A jovial and laidback—which isn’t to say carefree or careless—portrait of Tunisian youth caught amid myriad social and economic forces, Die Welt manages to blend fiction and nonfiction with seamless grace. Split into chapters, Alex Pitstra’s economical film charts the day-to-day experiences of 23-year-old DVD shop employee Abdallah (Abdelhamid Naouara), who hilariously introduces himself via a longwinded explanation to a customer about the noxious imperialist undertones of Transformers 2. That the scene ends with the customer still choosing to purchase the Michael Bay blockbuster speaks to both Abdallah’s over-analysis and the willing acceptance of Hollywood’s Arab stereotypes by Arabs themselves, with Pitstra allowing both interpretations to happily coexist without ruining the sequence’s amusing punchline. That lack of authorial finger-wagging typifies Die Welt, which lets its issues of identity, cross-cultural dialogue, political freedom, and familial strains to emerge naturally from Abdallah’s humdrum routines: asking his father for money; searching for more work; hanging out with his father and uncle at a resort, and later bedding one of the Dutch tourists whom they meet; smoking and chatting with friends; and, finally, trying to illegally escape Tunisia for Europe and, perhaps, a reunion with abroad family members he’s never met.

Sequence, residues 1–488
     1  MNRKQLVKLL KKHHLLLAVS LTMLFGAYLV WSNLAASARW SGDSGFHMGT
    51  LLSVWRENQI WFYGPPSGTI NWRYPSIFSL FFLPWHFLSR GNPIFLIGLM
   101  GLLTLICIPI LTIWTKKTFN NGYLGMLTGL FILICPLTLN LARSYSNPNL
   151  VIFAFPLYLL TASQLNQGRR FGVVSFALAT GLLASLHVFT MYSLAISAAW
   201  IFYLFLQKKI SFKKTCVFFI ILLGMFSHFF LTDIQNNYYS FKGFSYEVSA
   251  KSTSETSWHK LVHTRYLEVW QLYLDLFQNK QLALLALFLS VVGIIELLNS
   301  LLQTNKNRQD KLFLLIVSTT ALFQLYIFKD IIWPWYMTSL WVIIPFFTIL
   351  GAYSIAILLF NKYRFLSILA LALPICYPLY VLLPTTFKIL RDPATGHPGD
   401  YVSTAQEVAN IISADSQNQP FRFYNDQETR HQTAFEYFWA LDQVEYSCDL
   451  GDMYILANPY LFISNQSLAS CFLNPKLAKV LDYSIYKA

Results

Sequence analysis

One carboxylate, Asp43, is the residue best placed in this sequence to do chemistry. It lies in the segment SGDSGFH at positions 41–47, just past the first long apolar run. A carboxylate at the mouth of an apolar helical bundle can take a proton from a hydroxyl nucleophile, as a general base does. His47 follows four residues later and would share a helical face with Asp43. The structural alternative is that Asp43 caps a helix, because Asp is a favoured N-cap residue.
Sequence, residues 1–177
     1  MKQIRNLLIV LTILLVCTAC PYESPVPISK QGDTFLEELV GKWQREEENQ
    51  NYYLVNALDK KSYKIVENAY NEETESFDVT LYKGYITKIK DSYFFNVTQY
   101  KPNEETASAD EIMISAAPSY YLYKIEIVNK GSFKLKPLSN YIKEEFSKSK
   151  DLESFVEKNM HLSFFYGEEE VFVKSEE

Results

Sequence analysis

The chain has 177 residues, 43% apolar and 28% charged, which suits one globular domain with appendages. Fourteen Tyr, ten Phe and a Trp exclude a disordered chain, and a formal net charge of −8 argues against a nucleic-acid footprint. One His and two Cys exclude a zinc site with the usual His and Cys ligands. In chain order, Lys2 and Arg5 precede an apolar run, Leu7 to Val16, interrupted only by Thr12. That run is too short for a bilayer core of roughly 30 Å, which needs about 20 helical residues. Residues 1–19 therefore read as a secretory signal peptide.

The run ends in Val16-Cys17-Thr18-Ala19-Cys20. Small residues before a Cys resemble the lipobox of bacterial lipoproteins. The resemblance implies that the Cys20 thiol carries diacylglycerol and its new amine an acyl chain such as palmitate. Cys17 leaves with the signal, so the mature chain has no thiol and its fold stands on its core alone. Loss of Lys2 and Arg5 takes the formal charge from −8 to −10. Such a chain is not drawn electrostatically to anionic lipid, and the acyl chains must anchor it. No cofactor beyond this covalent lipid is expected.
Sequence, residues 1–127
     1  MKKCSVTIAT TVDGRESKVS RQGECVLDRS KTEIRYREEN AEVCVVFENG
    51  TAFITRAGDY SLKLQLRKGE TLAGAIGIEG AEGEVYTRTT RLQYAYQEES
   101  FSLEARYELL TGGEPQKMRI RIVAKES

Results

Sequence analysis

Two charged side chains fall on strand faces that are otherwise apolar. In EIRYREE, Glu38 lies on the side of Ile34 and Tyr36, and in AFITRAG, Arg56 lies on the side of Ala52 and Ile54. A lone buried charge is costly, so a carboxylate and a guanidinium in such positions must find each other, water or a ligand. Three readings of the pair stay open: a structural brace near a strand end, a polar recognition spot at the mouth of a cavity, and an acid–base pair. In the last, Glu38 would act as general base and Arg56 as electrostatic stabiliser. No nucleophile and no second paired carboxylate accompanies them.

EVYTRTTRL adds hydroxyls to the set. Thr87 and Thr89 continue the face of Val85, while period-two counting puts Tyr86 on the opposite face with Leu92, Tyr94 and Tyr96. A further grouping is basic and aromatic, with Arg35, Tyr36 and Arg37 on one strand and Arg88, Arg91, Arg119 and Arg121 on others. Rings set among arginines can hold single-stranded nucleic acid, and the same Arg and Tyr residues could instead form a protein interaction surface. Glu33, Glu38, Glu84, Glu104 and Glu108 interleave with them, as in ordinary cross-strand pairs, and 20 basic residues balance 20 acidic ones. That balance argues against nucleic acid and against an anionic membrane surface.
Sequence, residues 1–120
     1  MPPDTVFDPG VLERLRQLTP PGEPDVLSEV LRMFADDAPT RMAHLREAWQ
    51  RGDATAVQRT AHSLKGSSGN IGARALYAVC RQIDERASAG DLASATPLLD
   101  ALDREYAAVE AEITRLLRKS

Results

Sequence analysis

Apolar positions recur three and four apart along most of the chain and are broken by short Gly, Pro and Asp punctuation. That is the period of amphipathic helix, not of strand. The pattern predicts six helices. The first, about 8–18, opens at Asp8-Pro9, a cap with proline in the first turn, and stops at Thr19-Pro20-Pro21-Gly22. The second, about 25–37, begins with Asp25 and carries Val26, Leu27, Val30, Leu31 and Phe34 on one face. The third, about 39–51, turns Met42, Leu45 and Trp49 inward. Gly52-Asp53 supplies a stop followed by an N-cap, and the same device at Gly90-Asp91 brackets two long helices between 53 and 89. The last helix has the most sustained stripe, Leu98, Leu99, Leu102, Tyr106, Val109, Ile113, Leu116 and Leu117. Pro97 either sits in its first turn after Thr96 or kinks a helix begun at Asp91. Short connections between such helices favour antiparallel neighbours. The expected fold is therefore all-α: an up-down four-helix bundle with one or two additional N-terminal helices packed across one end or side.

“Everyone in Tunisia is on Facebook,” Abdallah’s sister asserts to her non-member brother, to which he replies, “Everyone in Tunisia is unemployed.” Youthful social/consumerist desires and employment realities are present throughout Die Welt, forming part of the film’s overarching depiction of Abdallah’s quest to define himself in both a fractured clan that partially has overseas roots, and a nation split between Islamic and Western attitudes and traditions. Pitstra touches on issues of democracy, materialism, and Tunisia’s hypocritical stances toward male and female sexual conduct with a light, observant touch in moments such as Abdallah visiting a barbershop, a grocery store, and a nightclub.
All the while, Pitstra uses humor to offset any threat of didacticism, as with a witty montage of Abdallah’s family members that’s almost as deft as his strategy of establishing an authentic sense of time and place by beginning scenes with documentary snapshots of everyday behavior (card games, trips to the baths) before segueing to his more fictionalized material. If Die Welt is ultimately about Abdallah’s quest to find a place for himself in his world, however, it’s also about the related desire to find self-actualization through escape and reinvention, as evidenced by Abdallah’s dream of domestic Euro-luxury bliss, as well as an early shot in which the camera zooms out a window toward a gorgeous beach—a moment of yearning for a better somewhere that, as the finale proves, is too often just out of reach.